Extinct volcanoes have no access to a magma supply or have never erupted, such as the Hawaiian ridge. Dormant volcanoes have documented eruptions, but have not erupted recently, such as Yellowstone.
New volcanoes form every century, but usually in the same area as existing volcanoes. In 1943 a volcano growing in the middle of a flat cornfield in Mexico was discovered. Paricutin grew to 1,353 feet and erupted for nine years. Today it is 9,213 feet above sea level. In 1973 a new volcano covered the island of Heimaey in Iceland with ash and lava.
Physically, they dominate the landscape, and have an active role in shaping our planet's geography. When they are actively erupting, they are an extremely dangerous and destructive force. But when they are passive, the soil they enrich can become very fertile, leading to settlements and cities being built nearby.
As such, some volcanologists refer to extinct volcanoes as inactive, and some volcanoes once thought to be extinct are now referred to as dormant. In short, knowing if a volcano is active, dormant, or extinct is complicated and all comes down to timing. And when it comes to geological features, timing is quite difficult for us mere mortals.
Volcanoes Types Volcanoes are classified on the basis of the nature of volcanism. On the basis of the frequency of eruption, volcanoes are of three types: Active, Dormant and Extinct. (1) Active Volcano. Those volcanoes which erupt frequently or have erupted recently are termed as active Volcano.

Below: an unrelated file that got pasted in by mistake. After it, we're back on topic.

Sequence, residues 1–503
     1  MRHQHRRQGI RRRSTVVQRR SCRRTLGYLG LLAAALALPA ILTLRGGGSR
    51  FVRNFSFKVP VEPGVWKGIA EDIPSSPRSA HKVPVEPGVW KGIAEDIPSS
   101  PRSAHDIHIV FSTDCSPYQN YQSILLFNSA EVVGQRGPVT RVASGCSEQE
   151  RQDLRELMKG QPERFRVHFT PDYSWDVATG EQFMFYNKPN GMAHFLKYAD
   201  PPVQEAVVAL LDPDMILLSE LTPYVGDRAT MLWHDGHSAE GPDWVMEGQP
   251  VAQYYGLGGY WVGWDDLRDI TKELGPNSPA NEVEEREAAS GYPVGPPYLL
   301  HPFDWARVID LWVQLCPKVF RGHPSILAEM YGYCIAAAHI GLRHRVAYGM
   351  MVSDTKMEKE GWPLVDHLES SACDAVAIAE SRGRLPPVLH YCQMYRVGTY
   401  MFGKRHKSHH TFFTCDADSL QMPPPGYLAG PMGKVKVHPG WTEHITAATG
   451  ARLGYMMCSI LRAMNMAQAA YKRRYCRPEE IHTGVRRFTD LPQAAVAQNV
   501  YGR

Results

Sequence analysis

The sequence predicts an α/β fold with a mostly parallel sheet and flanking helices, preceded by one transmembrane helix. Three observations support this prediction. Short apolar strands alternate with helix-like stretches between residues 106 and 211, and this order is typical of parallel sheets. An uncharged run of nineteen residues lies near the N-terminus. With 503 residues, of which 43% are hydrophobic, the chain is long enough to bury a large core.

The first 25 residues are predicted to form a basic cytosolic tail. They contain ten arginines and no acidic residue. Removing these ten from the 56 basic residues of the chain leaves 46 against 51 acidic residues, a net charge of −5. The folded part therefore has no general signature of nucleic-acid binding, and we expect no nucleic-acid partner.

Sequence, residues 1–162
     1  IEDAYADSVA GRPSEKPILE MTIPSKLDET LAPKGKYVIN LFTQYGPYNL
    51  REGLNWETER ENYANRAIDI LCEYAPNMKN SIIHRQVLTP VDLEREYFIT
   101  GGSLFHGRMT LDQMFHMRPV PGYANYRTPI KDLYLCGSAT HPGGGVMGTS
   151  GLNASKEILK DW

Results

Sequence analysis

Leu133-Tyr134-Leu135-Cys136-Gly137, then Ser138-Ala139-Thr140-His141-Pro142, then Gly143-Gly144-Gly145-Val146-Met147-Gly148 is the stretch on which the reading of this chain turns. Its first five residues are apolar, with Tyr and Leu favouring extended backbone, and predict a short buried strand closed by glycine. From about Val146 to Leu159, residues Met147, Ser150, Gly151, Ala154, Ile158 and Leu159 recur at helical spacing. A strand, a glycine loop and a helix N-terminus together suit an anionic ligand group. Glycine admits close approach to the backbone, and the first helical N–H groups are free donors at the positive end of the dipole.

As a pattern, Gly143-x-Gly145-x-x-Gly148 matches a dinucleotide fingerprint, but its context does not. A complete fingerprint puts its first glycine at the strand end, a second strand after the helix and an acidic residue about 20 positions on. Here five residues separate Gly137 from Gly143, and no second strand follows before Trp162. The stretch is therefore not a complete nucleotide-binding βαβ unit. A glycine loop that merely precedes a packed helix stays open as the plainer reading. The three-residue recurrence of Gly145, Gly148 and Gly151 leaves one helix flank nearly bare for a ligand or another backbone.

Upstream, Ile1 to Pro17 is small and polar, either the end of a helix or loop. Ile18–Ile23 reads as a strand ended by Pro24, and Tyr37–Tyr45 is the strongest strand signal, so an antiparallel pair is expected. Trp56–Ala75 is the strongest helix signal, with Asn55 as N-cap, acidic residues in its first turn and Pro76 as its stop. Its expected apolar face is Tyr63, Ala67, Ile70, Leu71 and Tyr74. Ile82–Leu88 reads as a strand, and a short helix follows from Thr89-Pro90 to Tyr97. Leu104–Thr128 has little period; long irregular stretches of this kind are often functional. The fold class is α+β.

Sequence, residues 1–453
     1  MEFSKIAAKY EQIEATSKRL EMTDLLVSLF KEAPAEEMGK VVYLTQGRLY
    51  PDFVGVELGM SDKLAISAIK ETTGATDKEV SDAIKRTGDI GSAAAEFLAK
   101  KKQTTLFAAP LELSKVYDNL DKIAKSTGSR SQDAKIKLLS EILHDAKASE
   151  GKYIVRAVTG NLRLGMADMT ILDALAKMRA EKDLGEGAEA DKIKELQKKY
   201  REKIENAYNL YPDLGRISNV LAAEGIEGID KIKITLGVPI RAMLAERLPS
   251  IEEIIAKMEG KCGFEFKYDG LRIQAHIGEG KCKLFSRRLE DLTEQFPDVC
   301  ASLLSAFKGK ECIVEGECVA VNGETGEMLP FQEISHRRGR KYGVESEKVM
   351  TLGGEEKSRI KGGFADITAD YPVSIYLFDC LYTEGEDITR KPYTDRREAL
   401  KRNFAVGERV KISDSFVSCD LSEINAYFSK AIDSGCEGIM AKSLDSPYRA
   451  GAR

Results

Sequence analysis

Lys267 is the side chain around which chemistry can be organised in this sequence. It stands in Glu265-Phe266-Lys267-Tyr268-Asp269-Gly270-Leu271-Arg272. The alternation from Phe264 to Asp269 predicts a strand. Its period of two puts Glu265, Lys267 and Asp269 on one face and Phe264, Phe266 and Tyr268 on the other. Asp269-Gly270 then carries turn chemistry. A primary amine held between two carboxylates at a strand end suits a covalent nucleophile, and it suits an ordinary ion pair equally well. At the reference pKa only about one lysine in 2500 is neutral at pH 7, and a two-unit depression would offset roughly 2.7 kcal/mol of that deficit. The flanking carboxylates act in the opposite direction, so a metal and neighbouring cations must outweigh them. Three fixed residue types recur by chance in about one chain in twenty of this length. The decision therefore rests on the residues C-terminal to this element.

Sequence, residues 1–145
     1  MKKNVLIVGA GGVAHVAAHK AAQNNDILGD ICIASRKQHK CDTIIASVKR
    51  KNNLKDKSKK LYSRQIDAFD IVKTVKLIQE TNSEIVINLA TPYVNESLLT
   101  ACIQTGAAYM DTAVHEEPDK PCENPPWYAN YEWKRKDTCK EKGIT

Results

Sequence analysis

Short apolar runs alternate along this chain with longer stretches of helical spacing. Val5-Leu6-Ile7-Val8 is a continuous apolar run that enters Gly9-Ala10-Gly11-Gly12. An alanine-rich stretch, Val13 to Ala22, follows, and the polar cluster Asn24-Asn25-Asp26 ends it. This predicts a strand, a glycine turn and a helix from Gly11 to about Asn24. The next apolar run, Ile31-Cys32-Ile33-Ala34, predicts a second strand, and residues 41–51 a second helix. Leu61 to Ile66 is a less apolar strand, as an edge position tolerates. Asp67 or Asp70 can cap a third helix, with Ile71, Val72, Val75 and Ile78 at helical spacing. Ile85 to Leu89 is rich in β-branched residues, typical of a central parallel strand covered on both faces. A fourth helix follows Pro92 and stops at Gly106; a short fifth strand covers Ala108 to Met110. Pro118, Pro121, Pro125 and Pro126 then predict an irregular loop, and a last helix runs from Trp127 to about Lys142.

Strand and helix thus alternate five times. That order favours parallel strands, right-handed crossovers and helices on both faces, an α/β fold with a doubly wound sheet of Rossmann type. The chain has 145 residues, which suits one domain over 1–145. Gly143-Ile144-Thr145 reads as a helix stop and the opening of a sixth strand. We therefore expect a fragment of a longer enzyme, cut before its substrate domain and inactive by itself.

Active, dormant or extinct? For a volcano to be classed as active, it is either erupting now, or is likely to erupt soon. According to scientists, an active volcano must have erupted during the last 10,000 years. A dormant volcano on the other hand, could be described as sleeping, because it is still active, but not currently erupting.
Is Yellowstone active dormant or extinct? Yellowstone is another “dormant” volcano, yet the level of constant unrest under Yellowstone might make it “active” by my definition. A truly dormant volcano by the USGS standards might be Clear Lake in California, which hasn’t erupted in likely close to 10,000 years.
Even dormant and extinct volcanoes are becoming active again. An extinct volcano by definition is a dead volcano, which has not erupted in the last 10 000 years and is not expected to ever erupt again. In other words, an extinct volcano implies that there is no magmatic, seismic or degassing activity going on at the volcano and that it's not.